At the end of July I joined Google to help game developers make amazing games for the web using open technologies like Nigel Stewart. When an application linked with Regal makes GL calls they don’t go directly to the GPU driver, instead they are handled in different ways inside Regal. Most GL calls are forwarded directly to the native GL library while others are emulated by Regal (when possible given GPU hardware restrictions). This approach allows Regal to become the ‘Write Once Run Everywhere’ GL library. Regal offers an impressive set of features:

  • Consistent OpenGL API that runs on all major platforms: Windows, Linux, Mac, iOS, Chrome (Native Client), and Android.
  • Emulation of deprecated OpenGL functionality. Some examples are immediate mode, the fixed function pipeline, and GL_QUADS.
  • Emulation of modern OpenGL functionality, for example, Direct State Access (DSA) and Vertex Array Object (VAO) are emulated when your native GL doesn’t support them.
  • Licensed under the 2 clause BSD license. In other words: you get the source, you can change the source,  and you are not obligated to share your changes even if you use them for commercial purposes. If you need to extend Regal but aren’t able to share your changes with the public, it’s cool.
  • Enhanced GL debuggability. Regal keeps an internal copy of the GL state so it’s possible to set a breakpoint and inspect the GL state machine directly. Regal also has extensive logging which enables API call traces. API traces are a powerful source of data that, for example, when analyzed can be used to eliminate redundant GL state changes, reducing application CPU usage.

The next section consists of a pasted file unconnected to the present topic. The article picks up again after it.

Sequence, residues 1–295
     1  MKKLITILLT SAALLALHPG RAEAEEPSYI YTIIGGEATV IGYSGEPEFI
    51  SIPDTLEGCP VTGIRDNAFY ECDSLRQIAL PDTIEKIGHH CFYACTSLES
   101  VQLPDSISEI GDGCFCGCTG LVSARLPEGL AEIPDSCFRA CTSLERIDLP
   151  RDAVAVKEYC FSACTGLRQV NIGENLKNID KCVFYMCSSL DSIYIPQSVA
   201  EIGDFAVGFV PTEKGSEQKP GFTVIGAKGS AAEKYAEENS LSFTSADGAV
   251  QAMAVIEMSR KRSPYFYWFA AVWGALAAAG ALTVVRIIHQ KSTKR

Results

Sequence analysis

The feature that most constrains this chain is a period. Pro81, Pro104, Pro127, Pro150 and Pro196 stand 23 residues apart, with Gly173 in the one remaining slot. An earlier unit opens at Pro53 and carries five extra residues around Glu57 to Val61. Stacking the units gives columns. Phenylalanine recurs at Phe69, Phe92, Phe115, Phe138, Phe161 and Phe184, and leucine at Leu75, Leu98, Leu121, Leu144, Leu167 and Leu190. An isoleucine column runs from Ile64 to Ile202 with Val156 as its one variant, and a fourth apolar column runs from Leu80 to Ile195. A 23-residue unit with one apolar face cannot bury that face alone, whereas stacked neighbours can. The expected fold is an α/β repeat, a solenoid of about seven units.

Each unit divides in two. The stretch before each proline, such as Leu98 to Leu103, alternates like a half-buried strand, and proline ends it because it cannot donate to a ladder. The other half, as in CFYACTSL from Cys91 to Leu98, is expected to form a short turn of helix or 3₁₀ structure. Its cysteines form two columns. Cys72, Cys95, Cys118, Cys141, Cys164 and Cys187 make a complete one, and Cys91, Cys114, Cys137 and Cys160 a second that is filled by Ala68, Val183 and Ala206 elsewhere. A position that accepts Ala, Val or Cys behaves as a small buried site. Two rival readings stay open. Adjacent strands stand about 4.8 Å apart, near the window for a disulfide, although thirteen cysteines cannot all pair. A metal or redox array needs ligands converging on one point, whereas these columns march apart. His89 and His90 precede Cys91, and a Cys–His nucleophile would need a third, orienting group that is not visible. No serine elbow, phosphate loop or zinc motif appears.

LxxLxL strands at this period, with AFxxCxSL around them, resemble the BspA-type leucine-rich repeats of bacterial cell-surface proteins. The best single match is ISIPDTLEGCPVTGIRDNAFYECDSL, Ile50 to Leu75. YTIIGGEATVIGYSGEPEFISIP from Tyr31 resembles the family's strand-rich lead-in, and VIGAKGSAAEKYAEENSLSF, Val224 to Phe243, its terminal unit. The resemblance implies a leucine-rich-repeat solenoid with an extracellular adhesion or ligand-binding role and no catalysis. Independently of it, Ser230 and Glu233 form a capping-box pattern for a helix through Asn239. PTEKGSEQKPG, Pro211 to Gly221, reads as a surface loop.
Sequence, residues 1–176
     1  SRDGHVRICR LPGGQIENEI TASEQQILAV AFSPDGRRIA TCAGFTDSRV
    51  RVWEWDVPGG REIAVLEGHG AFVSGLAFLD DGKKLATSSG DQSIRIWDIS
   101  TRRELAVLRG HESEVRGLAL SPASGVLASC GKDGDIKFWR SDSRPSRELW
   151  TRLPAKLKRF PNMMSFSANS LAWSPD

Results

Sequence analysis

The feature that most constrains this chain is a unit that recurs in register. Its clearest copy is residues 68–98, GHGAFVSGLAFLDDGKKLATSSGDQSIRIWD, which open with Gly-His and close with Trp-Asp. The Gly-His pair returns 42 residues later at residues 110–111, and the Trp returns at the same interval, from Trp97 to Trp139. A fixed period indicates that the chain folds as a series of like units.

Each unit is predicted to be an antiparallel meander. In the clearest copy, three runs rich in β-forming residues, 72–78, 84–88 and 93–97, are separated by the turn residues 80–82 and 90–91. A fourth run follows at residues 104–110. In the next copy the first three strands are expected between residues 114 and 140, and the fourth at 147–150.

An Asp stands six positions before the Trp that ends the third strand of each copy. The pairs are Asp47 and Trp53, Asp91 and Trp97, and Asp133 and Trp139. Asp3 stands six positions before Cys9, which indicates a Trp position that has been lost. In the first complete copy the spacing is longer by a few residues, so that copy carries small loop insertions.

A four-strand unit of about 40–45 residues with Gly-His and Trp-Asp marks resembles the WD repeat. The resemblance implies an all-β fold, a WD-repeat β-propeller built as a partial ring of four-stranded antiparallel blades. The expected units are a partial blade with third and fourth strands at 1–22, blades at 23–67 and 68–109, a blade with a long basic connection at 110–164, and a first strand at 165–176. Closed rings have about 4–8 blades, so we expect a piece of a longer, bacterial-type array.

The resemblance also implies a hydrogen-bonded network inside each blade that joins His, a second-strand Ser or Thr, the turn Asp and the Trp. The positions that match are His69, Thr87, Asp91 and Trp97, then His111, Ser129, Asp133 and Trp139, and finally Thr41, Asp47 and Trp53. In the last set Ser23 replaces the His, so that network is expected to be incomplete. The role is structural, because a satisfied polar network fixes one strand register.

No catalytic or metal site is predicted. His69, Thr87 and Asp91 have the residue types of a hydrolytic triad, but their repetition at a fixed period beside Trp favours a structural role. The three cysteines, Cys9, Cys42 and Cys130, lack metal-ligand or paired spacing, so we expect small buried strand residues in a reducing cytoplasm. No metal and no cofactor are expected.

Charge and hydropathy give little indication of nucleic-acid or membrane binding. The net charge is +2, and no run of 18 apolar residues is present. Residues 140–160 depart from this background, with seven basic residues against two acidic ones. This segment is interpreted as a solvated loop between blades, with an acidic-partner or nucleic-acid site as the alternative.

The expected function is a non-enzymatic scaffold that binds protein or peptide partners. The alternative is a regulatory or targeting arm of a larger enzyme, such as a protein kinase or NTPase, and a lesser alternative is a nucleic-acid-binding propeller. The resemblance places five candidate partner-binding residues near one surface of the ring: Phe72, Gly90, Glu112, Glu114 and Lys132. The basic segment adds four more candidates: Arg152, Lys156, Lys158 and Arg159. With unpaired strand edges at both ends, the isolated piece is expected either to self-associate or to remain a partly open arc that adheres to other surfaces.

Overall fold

Presently, NaCl supports WebGL is based on ES 2.0 and the two have equivalent feature sets. ES 2.0 has a subset of GL 2.0 features. Think of it as GL 2.0-lite. Most games are written against OpenGL 2.0 proper. What makes it difficult to port from GL 2.0 to GL ES 2.0? Well, let’s look at one example in depth: ES 2.0 removed support for the fixed function pipeline (FFP). FFP allows primitives to be drawn without writing custom vertex and fragment shader programs. Removing it introduces two problems to the porter: First, any calls to FFP functions will fail to compile because the function definitions have been removed. Second, developers must re-implement features from the fixed function pipeline they depend on. This kind of development is akin to pulling on a loose string, you often end up unravelling tonnes of code that subtly depended on legacy GL functionality. It’s messy and near impossible to do piecemeal. As I’ve already mentioned Regal emulates FFP along with other legacy GL functionality. Porting the game has gone from a tedious exercise to a simple recompile.

Porting Regal

As mentioned above, when a game linked with Regal makes a GL call it is either forwarded to native GL or emulated by Regal. The first step in porting Regal to NaCl was finding the code that forwards the calls to the native GL library. In order to do that, I needed to understand how Regal worked internally.